China’s newest air pollution draft law no longer contains clauses allowing local governments to restrict or ban vehicles to fight air pollution, China’s top legislature noted yesterday.
The first draft of the Air Pollution Control Law allowed local governments to restrict or ban vehicles in specified areas and during specified times. The second draft adds a clause that said restrictions should consider public opinion.
The clauses were deleted after lawmakers and members of the public argued that the restrictions were related to citizens’ rights to property.
It is up to local legislatures to decide whether a driving ban will be adopted in their jurisdiction, and driving restrictions will only be provided in local legislation based on actual need, according to the report.
In a bid to control smog, Chinese cities have begun to restrict the use of vehicles. In Beijing, vehicles are restricted one out of five weekdays based on plate numbers.
Half of its cars are currently off the road due to restrictions imposed on August 20. Cars will be allowed on the road on alternate days according to their plate numbers to clear the air ahead of the IAAF track and field world championships and the September 3 military parade.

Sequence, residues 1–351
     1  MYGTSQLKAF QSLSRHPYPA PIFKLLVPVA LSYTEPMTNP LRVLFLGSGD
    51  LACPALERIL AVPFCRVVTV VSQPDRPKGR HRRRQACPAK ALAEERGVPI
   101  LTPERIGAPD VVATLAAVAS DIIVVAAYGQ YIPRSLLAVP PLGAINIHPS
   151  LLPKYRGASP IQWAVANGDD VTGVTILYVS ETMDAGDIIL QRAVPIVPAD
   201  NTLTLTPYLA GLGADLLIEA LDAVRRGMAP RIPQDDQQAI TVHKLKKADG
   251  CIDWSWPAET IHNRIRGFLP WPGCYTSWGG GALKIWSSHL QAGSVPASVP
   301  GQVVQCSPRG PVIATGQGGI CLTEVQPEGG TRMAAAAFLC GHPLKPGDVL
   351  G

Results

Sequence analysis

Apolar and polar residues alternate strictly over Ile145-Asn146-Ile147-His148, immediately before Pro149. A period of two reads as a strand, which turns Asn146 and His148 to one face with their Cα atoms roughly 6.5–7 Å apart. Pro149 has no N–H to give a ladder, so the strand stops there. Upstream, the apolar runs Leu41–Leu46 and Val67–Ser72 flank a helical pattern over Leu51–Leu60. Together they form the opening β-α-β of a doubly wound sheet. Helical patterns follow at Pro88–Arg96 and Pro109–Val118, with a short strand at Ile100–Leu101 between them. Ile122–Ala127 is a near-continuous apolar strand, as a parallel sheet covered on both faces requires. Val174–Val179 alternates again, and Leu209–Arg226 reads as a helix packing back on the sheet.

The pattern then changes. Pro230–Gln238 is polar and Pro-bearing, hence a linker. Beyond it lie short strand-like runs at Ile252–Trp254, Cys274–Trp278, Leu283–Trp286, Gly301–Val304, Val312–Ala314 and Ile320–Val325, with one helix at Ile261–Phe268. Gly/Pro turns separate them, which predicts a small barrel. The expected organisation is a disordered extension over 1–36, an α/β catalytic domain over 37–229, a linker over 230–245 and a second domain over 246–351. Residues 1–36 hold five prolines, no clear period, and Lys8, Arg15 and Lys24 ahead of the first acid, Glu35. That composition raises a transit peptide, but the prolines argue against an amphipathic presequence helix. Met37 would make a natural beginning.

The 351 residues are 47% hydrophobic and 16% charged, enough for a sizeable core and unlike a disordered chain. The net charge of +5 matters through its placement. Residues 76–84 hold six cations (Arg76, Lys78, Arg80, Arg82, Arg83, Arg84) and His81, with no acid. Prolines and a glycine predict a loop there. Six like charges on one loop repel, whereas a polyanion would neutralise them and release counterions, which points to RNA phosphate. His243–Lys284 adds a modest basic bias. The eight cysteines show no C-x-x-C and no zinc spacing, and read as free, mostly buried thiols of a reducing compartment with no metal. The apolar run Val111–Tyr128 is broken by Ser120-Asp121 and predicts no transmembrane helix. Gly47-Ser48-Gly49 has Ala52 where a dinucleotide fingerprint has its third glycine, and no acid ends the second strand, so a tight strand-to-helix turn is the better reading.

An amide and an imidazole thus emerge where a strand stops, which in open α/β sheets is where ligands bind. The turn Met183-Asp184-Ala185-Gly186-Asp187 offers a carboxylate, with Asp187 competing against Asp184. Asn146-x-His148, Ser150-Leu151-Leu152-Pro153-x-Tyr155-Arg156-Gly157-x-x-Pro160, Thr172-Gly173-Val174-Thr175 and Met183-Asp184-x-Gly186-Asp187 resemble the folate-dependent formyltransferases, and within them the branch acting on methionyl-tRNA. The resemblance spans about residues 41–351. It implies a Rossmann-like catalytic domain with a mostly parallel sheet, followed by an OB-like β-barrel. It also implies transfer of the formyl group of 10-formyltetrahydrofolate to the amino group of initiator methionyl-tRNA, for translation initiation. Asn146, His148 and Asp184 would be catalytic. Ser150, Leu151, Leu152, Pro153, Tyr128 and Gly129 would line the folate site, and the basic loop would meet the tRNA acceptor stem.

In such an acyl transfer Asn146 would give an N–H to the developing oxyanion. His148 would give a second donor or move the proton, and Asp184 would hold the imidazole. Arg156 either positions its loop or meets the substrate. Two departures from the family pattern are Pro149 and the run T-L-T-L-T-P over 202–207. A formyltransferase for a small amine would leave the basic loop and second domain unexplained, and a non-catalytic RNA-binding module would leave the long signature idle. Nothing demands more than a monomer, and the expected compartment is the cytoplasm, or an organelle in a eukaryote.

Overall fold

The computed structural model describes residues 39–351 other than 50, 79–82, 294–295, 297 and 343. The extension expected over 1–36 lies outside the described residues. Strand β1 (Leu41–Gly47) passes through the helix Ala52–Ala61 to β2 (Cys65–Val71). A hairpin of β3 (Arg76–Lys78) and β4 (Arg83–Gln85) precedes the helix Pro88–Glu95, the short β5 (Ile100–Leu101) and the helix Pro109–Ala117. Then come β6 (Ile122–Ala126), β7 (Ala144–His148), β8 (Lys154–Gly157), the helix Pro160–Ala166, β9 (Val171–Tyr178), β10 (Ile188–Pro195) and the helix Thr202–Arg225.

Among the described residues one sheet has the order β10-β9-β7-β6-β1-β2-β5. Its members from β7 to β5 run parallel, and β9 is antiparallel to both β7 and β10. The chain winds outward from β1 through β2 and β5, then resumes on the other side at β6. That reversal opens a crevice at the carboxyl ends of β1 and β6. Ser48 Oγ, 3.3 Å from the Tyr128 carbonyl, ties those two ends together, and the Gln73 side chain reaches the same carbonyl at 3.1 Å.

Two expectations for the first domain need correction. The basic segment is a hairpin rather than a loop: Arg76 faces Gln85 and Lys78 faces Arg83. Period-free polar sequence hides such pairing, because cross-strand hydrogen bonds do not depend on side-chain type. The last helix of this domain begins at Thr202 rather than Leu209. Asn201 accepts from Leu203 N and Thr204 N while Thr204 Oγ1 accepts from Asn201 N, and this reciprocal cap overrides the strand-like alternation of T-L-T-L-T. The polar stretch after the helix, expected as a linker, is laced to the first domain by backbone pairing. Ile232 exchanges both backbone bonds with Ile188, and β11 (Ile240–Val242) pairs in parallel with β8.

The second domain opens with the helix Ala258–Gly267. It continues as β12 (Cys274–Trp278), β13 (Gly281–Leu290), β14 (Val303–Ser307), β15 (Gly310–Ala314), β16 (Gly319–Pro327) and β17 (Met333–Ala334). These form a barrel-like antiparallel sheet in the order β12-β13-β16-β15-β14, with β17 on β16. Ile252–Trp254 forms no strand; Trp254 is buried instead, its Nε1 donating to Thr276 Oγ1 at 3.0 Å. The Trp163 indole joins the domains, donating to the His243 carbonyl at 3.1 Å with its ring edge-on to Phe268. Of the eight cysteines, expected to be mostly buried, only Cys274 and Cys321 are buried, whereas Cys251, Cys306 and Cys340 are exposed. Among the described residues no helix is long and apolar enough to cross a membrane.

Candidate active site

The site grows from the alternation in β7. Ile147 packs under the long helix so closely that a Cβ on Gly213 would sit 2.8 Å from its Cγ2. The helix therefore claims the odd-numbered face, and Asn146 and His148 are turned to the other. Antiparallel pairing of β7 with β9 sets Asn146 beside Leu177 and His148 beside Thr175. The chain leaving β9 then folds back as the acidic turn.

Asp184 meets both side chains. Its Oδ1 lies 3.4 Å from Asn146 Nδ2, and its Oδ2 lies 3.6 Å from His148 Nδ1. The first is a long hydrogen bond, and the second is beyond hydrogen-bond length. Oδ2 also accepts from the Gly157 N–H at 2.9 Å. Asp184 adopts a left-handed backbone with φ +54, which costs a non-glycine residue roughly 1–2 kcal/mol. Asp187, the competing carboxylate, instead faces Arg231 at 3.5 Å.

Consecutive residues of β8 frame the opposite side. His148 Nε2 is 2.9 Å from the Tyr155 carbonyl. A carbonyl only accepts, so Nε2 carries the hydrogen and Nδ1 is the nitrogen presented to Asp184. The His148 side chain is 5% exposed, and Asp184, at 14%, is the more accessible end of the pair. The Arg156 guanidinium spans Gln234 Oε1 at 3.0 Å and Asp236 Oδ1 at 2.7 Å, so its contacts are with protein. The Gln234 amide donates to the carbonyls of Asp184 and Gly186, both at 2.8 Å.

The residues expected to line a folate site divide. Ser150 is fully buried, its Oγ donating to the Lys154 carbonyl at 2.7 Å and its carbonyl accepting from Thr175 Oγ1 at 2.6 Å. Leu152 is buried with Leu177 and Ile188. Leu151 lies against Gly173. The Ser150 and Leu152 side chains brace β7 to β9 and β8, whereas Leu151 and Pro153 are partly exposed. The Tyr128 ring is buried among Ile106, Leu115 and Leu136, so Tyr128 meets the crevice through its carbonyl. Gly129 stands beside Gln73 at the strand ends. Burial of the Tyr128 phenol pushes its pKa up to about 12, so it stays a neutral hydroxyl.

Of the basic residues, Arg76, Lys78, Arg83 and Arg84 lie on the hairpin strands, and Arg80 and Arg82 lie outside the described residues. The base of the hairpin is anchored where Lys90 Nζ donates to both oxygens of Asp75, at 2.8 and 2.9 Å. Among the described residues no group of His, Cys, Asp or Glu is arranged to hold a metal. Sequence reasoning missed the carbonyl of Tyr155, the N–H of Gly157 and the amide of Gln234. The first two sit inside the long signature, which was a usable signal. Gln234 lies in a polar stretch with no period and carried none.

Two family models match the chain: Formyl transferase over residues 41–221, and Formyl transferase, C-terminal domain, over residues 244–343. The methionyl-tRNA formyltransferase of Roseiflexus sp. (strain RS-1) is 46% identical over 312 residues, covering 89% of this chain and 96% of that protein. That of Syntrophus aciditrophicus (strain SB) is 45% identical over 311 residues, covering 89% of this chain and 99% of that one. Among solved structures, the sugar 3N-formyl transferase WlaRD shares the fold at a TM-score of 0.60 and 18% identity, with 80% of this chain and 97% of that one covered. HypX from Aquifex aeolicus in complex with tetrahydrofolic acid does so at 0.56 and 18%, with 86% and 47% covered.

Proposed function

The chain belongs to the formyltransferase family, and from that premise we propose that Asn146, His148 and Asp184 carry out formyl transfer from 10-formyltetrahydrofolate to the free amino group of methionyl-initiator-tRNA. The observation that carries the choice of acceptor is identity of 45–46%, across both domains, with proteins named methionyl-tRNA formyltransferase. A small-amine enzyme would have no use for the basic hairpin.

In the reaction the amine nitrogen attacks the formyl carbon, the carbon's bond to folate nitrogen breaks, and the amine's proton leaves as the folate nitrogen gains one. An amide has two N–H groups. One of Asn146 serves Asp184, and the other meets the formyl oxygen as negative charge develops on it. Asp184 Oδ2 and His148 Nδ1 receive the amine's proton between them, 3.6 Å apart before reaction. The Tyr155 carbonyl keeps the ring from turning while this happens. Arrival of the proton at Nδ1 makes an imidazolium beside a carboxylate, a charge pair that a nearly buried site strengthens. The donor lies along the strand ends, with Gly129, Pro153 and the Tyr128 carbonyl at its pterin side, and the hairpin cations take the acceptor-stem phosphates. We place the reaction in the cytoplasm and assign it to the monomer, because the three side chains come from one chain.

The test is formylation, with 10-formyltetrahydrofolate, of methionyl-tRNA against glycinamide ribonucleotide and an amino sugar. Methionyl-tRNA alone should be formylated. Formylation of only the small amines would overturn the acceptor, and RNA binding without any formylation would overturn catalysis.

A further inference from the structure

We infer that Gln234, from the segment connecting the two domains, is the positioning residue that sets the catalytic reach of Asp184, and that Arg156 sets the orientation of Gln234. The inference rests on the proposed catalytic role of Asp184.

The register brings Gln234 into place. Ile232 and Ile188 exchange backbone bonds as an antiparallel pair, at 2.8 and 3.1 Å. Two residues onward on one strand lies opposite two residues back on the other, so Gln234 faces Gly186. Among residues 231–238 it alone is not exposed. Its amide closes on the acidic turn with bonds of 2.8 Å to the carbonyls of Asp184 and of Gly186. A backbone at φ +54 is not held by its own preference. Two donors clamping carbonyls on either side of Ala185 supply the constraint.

The draft amendment also adds a slew of new restrictions and requirements to clean up air.
With China’s gasoline standards lower than those of automobile exhausts, the draft amendment proposes a gasoline quality standard be established and matched with restriction requirements for major pollutants.
The new amendment adds a clause saying the country should promote clean and efficient use of coal and also calls on local governments to ban low quality coal for residential use.
The previous draft authorized governments above county level to examine vehicle exhausts in parking lots. The current version adds that vehicles on the street may also be tested for pollution through remote sensing and other technologies.
Air quality in coastal areas is influenced by ships, and the current version proposes a control area for pollutant discharge. Ships entering such areas must conform to emission requirements.
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